Manual teachers conclude Student for a Day experiment

Manual teachers conclude Student for a Day experiment

Five teachers again had the unique opportunity on Friday, Jan. 23 to simulate student life and make observations for school-wide improvement as they concluded the Student for a Day experiment. The participants will meet on Monday, Jan. 26 to debrief, and then they will present to the PTSA and faculty.

Principal Mayes, who was inspired by a similar project in Washington D.C., allowed the teachers to tweet about their experiences using the hashtag #SFAD. The teachers also sat down with Redeye to further discuss what they observed.

Ms. Megan Gatewood (Science)

Ms. Gatewood takes notes in AP Macroeconomics. Photo by Spencer Kincaid

Gatewood’s schedule was modeled after that of a typical Math Science Technology junior.

“I was super excited to see all of the different ways that teachers are interacting with students in the classroom,” she said. “I got to experience eight different teachers’ styles, and as a new teacher, it’s great for me to see what others are doing.”

Despite having ample transition time between classes herself, Gatewood remarked that the experience has inspired her to be slightly more lenient with punctuality.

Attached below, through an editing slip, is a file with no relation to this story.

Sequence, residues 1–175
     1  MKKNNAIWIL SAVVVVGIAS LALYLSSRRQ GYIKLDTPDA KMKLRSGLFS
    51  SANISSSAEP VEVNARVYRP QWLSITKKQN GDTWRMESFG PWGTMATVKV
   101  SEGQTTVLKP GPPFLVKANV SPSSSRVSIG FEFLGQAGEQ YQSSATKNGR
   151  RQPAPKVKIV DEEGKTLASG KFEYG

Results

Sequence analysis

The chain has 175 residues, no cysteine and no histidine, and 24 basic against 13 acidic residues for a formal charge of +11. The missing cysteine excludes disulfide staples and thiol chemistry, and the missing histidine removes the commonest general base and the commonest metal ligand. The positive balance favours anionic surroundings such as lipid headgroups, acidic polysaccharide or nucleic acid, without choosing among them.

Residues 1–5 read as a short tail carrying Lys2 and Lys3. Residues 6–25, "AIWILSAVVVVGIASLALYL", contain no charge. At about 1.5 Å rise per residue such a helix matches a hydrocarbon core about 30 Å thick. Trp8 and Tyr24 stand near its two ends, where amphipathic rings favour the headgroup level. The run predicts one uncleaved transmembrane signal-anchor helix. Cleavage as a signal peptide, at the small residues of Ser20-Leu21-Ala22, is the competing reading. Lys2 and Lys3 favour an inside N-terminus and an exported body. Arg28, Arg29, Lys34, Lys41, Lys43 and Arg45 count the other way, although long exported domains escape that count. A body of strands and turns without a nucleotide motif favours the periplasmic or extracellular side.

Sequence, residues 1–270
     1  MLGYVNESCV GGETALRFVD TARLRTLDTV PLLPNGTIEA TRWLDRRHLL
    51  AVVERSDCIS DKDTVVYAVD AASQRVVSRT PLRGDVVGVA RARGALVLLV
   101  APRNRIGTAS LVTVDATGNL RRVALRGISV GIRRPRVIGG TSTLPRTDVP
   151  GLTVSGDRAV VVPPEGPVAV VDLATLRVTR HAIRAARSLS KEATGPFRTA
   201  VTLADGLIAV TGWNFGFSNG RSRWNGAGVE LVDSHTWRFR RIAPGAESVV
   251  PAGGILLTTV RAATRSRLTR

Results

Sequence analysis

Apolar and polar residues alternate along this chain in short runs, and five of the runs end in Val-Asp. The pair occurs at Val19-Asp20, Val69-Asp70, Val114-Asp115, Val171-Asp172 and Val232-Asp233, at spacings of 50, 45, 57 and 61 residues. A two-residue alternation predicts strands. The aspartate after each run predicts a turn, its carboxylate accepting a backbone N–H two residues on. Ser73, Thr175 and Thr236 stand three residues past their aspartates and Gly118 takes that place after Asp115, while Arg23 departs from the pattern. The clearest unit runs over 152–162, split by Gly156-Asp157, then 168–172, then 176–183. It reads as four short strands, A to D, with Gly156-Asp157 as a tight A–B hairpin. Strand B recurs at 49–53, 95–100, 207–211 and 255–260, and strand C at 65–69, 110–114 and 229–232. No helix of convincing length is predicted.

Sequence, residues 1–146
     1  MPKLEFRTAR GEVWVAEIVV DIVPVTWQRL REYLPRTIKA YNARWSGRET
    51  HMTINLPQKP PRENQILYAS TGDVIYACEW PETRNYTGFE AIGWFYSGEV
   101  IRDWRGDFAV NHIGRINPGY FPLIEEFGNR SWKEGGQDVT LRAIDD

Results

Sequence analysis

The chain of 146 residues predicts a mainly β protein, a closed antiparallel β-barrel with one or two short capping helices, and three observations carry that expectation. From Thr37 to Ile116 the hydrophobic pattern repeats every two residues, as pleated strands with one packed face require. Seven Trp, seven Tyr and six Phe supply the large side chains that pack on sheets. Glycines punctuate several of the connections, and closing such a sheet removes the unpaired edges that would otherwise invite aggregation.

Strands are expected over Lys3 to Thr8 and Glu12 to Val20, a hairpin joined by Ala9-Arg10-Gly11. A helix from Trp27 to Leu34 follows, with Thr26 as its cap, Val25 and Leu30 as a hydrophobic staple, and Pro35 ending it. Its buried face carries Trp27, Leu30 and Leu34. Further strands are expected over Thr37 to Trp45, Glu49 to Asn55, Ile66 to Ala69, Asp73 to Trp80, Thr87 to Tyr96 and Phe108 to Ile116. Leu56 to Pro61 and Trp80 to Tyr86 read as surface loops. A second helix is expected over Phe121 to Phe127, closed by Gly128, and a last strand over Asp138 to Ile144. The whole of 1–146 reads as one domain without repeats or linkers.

“I think that I’ll have more patience with my students, because now I know that it does take time to get to and from places,” she said. “I might start giving 30 seconds or a minute of leeway.

Ms. Connie Wilcox (Humanities)

Ms. Wilcox looks over a worksheet in Anatomy and Physiology. Photo by Spencer Kincaid

Wilcox took classes similar to those of a senior HSU student.

“The students in my classes didn’t seem to understand why I said we would not be able to do the homework even if we were expected to,” Wilcox said. “We don’t have recency of preparation in those classes. I have a math degree but there’s no way I can walk in and do AP Calculus homework.”

Ms. Rebecca Donahoe (English)

Ms. Donahoe waits in the lunch line. Photo by Spencer Kincaid

Donahoe, a freshman English teacher, took the role of a freshman HSU student. She took classes filled with many of her own students, such as AP Human Geography.

“I think I had a pretty good idea of what [this experience] would be like, but I wasn’t prepared for all the sitting,” she said. “Yesterday’s classes were tailored to be more interactive. I’m about to tweet right now about how much my back hurts.”

Ms. Liz Palmer (Journalism)

Ms. Palmer works on a problem in Dr. Schuster’s Advanced Geometry class. Photo by Spencer Kincaid
Palmer simulated the schedule of a freshman YPAS Vocal major.
Mr. James Miller (Journalism)
Mr. Miller participates in a whiteboard activity in Ms. Hall’s Advanced Chemistry class. Photo by Spencer Kincaid

Miller’s schedule mirrored that of a typical junior in Visual Arts.


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